NEW YORK -- Thirty saves for Edwin Diaz is no small feat with five weeks remaining in the regular season. For the man going by "Sugar" during the ongoing Players Weekend festivities, it's a pretty sweet accomplishment."That's a pretty good number," Diaz acknowledged with a smile after putting the clamps
NEW YORK -- Thirty saves for Edwin Diaz is no small feat with five weeks remaining in the regular season. For the man going by "Sugar" during the ongoing Players Weekend festivities, it's a pretty sweet accomplishment.
"That's a pretty good number," Diaz acknowledged with a smile after putting the clamps on Seattle's 2-1, 11th-inning victory over the Yankees on Friday night.
Indeed, the hard-throwing 23-year-old from Puerto Rico is just the ninth pitcher in Mariners history to record 30 saves in a season and the first since Fernando Rodney in 2014. He's just the 11th pitcher in Major League history to rack up 30 saves in a season at age 23 or younger, and he sits third in the American League in saves this season behind only Alex Colome of the Rays (38) and Roberto Osuna of the Blue Jays (33).
Diaz had only 12 saves in the season's first three months, but he has converted 17 of 18 chances since the All-Star break, the most in the Majors in that span.
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"This was a big goal for me," Diaz said. "First of all, the first two months I didn't think I'd get to 30 saves. I was pitching okay, but after the All-Star break I was throwing the ball great. I just tried to keep going and save every game. This team is happy, and we'll keep rolling."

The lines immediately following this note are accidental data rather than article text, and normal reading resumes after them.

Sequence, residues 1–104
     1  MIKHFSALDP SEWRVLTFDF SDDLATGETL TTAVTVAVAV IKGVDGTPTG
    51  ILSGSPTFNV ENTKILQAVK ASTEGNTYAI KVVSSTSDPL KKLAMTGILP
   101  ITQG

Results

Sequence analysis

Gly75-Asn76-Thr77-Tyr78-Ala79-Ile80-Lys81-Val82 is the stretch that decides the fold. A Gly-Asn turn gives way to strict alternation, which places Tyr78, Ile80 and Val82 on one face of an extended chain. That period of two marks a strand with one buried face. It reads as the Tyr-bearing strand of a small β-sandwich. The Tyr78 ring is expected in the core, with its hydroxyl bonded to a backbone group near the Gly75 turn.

Diaz has converted 30 of 34 opportunities on the year, with 76 strikeouts in 56 1/3 innings. Opponents are hitting just .181 against him.
"He's been great," said catcher Mike Zunino. "Coming back from that All-Star break really recharged him. He was fighting some stuff earlier in the year, but he's throwing really well now. Little hiccups are going to happen, but he's done a great job of slowing the game down and closing out that ninth for us."
"He's been really big for us," said manager Scott Servais. "With all the close games we've had, our second-half surge has been directly related to our bullpen and he's been a huge part of it. It's been great to see. I'm happy for him and happy for us, because it's what we needed."
Servais said Diaz is sequencing his pitches a little differently now and working more up and down in the strike zone to take advantage of his high heat and tough slider. And Diaz acknowledges an early-season adjustment in his approach has paid dividends.
"When I know my mechanics are good, I will make my outs," Diaz said. "I will not walk anybody. I'm working every day on my mechanics. That is part of my routine, and I know I'll be good every day now because I work hard and those little things help me."
Greg Johns has covered the Mariners since 1997, and for MLB.com since 2011. Follow him on Twitter @GregJohnsMLB.